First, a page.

During the creation of Yes or No, Rapoport was engaged in the process of organizing and cataloguing the extensive archives of her research-based art practice, now preserved in perpetuity at the Bancroft Library of Western Americana at the University of California, Berkeley. This process of revisiting her past works is a defining methodology of Rapoport’s artmaking practice.
In Yes or No, she collaged duplicate papers and image fragments from various periods in her career onto full-page New York Times advertisements. She presents this autobiographical montage in the context of quotations from The Modern Moves West: California Artists and Democratic Culture in the Twentieth Century by Richard Cándida Smith, which describe the work of Jay DeFeo, a former classmate of Rapoport’s at Berkeley. Struck by how Cándida Smith’s descriptions of DeFeo’s artistic process and creative life seemed to parallel her own, Rapoport used selected phrases as borrowed illuminations on her own artistic career, whimsically and unapologetically transforming printed language and assumed history from a fixed form into an alchemical tool whereby new meanings are made visible.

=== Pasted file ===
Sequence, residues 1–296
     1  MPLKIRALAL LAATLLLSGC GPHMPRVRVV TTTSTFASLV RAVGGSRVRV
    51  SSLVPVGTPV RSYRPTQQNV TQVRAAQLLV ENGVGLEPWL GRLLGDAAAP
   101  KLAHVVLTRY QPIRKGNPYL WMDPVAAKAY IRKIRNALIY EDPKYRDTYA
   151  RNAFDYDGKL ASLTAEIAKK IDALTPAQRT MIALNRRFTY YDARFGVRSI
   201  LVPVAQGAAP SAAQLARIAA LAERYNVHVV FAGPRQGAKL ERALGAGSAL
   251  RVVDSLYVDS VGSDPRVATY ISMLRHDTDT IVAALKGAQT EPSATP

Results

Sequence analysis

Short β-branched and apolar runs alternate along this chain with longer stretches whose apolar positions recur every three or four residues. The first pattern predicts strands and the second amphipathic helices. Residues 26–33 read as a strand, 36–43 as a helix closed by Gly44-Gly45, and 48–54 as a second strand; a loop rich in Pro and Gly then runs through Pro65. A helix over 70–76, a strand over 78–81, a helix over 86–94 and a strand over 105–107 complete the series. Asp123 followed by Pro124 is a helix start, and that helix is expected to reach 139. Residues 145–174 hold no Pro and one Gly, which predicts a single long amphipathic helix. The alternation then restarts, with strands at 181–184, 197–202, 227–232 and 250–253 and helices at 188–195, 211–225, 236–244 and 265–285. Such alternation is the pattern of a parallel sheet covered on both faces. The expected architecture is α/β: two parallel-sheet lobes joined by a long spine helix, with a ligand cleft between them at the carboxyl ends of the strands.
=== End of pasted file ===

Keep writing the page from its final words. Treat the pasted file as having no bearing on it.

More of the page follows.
– Text from exhibition statement for “Sonya Rapoport: Final Works” by Jasmine Moorhead and Farley Gwazda
A lavishly illustrated catalogue for Yes or No? created by Art Historians Alla Efimova and Terri Cohn is now available on Amazon. The authors decipher and interpret this tour de force of visual philosophy to make it accessible to Rapoport’s viewers and readers.
Sonya Rapoport “Yes or No?” (detail), 2015, printed mylar, and acetate on New York Times page, 11.5″ x 22″.